On the Austerity and Rule by Big Finance in Greece

This Real News Network interview nominally is about whether Greece should leave the Euro. But it is really about the struggle between the bondholders, who are crushing Greek democracy and society, versus the population. The interviewee Costas Lapavitsas makes an forceful case why defying the banks is the best route for Greek society, even thought the transition will also be difficult.


More at The Real News

Print Friendly
Tweet about this on Twitter20Digg thisShare on Reddit0Share on StumbleUpon0Share on Facebook0Share on LinkedIn0Share on Google+0Buffer this pageEmail this to someone

24 comments

  1. Blissex

    «But it is really about the struggle between the bondholders, who are crushing Greek democracy and society, versus the population.»

    I haven’t seen on TV column of ECB tanks rolling through the streets of Athens while IMF killer drones fly over, so it is hard to imagine how Greek democracy is being crushed.

    The Greek have made a democratic choice between bankruptcy or having a creditor friendly administration. They have democratically chosen the latter.

    At any point in time they can democratically choose bankruptcy instead, and indeed that «Costas Lapavitsas makes an forceful case why defying the banks is the best route for Greek society» means that it is a real option, and that the Greek democracy is functioning and that Greek society can choose their own path.

    Unless one makes the argument that the debts that are driving them to bankruptcy are “odious debt” in the USA sense, and therefore illegitimate, but that must mean that democracy has not existed in Greece for a decade at least, and thus Greece should be expelled from the EU for violating a fundamental treaty condition.

    1. Soullite

      Sure, if you ignore the meanings of words like ‘Democracy’, and ‘Democratically’, and ‘Chose’, then you’re absolutely right.

      In the real world though? You aren’t even close.

    2. Foppe

      Sorry, but what is a “fundamental treaty condition”? Is that one of those things that no member state except Spain ever met, and that Italy hadn’t even met on paper before being allowed to enter by the other EZ members?

      The Greek have made a democratic choice between bankruptcy or having a creditor friendly administration. They have democratically chosen the latter.

      Cool requirement. What government could they have voted for that would’ve opted for bankruptcy? I don’t really remember which party offered the choice you here list. And remember Iceland — even though the public voted to default, the government has screwed its citizens in any way it can.

      Anyway, I don’t really think your definition of legitimacy is very fair. It is easy to argue that it the actions the Greek govts have taken are institutionally legitimate, but beyond that?

      1. Blissex

        The “fundamental treaty condition” to be part of the EU is to be a functioning democracy.

        If Greece is no longer or has not been a functioning democracy since they asked for those debts, the debts are arguably (for debt to be “odious” it is not sufficient for government to be undemocratic) “odious” and illegitimate, but then Greece cannot be a member of the EU.

        1. Maju

          When I was like 21 y.o. I went to Strasbourg with an ecologist group and we were given the (I presume) usual “welcome to the EP” mini-conference by a MEP, a quite standard one, member of one of the institutional consensus parties (can’t recall which one exactly).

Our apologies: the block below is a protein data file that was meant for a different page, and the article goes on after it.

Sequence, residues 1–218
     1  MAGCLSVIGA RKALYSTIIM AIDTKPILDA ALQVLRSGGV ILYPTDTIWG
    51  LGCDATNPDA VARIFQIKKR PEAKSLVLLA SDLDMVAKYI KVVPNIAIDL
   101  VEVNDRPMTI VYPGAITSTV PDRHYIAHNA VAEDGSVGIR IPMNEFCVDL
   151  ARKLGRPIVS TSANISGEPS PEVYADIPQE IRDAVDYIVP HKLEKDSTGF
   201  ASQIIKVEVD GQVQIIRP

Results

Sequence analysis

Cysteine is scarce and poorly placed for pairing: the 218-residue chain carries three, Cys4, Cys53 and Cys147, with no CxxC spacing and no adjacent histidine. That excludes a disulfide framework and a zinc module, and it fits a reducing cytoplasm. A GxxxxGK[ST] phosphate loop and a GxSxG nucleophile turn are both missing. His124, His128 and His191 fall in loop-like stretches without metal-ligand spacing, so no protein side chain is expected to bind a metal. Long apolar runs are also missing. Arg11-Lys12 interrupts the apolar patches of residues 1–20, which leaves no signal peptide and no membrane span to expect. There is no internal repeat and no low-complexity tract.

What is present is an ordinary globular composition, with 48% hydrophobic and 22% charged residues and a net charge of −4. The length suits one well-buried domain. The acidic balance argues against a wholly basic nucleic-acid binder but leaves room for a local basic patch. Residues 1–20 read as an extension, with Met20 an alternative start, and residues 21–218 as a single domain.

He said that in regards to Hungary, Czechoslovakia, etc. (it was probably 1989 or so) that as soon as they became democracies they would be invited to join the EU. In the questions round I asked what would happen if any of these countries wanted to become democratic in the political aspects but remain socialist in the economic plane. Our host said that then no way, that “market economy” (capitalism by another name) was a fundamental condition to belong to EU.

          It’s not just democracy: if a country democratically decides to go communist or even mildly socialist, they’ll kick them. The EU is not a state but in what affects the economy and its regulations it is in all aspects.

    3. Eric377

      The borrowed funds were not stolen – they were spent as approved by legitimate Greek governments, popularly elected. The Greek debt equation of public spending supported by really ineffective tax collection was entirely popular with the majority of the population for many long years. Creditors do not want to strangle Greek society or democracy: they just want to get paid back as per Greece’s bond. If Greece can pay them back and also send every citizen a Mercedes I sure the bankers would be perfectly happy with that arrangement. Look to, say, Ireland, if you want something closer to a true Greek tragedy.

      1. KnotRP

        So we have no problem with the fact that “legitimate Greek governments, popularly elected” engaged in various “financial innovations”, with the assistance of international bankers, to bury the fact that Greece’s debt didn’t meet the Euro entry requirements? What’s a little governmental fiduciary malfeasance and treaty fraud amongst legitimate governments, eh? They were “popularly elected” after all, so somehow in your imagination that makes malfeasance and fraud “ok”?

        You keep using that word “legitimate”; I do not think it means what you think it means….

        1. lambert strether

          Fine word, “legitimate.” IIRC, Golden Sacks helped the Greek government finagle its accounts so it could meet the EU entry requirements. Is it too much to imagine that GS saw this day, and made money on the entry play, and also on the exit play, say by picking up privatized infrastructure on the cheap?

          If so, who said central planning was impossible?

        2. Blissex

          «So we have no problem with the fact that “legitimate Greek governments, popularly elected” engaged in various “financial innovations”, with the assistance of international bankers, to bury the fact that Greece’s debt didn’t meet the Euro entry requirements?»

          Greece is a sovereign democracy, and that is an internal problem for Greece and for Greek voters to solve.

          In the past several years they have “solved” it by re-electing the same parties and people, and thus fully endorsing whatever they have done.

          Democracy is principally a way to make voters accountable for the politicians they choose, not to ensure good government or a prosperous economy (or even to make politicians accountable to voters).